🇨🇳👇👇👇🇬🇧Today I would like to tell you about the Decembrist uprising that took place in St. Petersburg (the capital of the tsarist Russia) on 14 (26) December 1825. Because these events occurred in December, the rebels were called the Decembrists (Dekabristy, Декабристы). The uprising was planned and organized by a group of dvoryane (Russian aristocracy) who wanted to change the tsarist political regime, to introduce Constitution in Russia, to introduce equality, democratic freedom, to abolish the krepostnoe pravo (Russian slavery), etc. The movement didn’t have enough support and military forces, so uprising lasted only one day and didn’t have any success. Nevertheless, it remained one of the major events in the Russian history.
The Decembrists were put on trial and convicted. Five leading Decembrists were hanged, others were exiled to Siberia and the Far East.
The most astonishing for me in the whole story is the heroic behavior of the wives of some Decembrists. Who nowadays would follow his/her husband/wife to spend the rest of life with him/her in a cold and hostage place lost somewhere in Siberia? But those women did! They themselves didn’t participate in the revolutionary movement but their devotion to their husbands was so huge that they renounced to all the commodities of their aristocratic life in St. Petersburg, and notwithstanding the parents’ prohibition and even curse, they followed their husbands to live a poor paysan life in a hostile cold Siberia being considered the criminals themselves since they decided to share their husbands’ destiny. That big was for those women the sense of duty towards their husbands.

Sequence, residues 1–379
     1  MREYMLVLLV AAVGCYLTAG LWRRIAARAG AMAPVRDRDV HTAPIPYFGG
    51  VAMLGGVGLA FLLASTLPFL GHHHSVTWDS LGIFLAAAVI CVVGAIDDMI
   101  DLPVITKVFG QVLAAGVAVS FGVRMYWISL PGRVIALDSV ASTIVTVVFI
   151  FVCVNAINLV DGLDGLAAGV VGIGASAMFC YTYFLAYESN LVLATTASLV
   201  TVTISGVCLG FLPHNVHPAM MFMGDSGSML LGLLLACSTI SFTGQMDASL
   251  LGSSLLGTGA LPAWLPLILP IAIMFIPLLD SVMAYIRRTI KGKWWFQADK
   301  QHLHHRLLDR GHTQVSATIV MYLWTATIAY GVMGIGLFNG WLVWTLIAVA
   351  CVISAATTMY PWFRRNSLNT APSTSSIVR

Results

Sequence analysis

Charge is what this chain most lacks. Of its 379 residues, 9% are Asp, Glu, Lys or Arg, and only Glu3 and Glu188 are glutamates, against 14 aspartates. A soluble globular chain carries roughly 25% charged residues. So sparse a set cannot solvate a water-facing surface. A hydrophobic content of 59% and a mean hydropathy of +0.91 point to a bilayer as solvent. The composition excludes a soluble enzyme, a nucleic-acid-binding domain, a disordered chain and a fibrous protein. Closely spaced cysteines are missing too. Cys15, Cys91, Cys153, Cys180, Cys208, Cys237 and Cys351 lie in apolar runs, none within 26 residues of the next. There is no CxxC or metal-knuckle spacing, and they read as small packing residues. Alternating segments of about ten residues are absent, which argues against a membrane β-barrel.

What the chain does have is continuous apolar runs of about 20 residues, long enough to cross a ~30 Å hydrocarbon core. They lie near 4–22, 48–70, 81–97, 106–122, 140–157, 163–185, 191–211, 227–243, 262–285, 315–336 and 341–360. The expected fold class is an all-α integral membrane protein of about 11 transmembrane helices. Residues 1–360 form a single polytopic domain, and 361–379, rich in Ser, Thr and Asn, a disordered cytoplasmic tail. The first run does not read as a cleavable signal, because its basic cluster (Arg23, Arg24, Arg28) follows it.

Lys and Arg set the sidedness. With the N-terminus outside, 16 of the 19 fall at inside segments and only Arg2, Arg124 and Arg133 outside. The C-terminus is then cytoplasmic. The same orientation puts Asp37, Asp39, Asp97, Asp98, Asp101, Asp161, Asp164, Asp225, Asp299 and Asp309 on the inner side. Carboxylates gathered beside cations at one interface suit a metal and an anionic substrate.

11 wives followed their husbands as well as 7 other women: mothers, sisters, brides (you can see them on the slides). After the amnesty in 1856 only five of them returned to St. Petersburg, the others died in Siberia.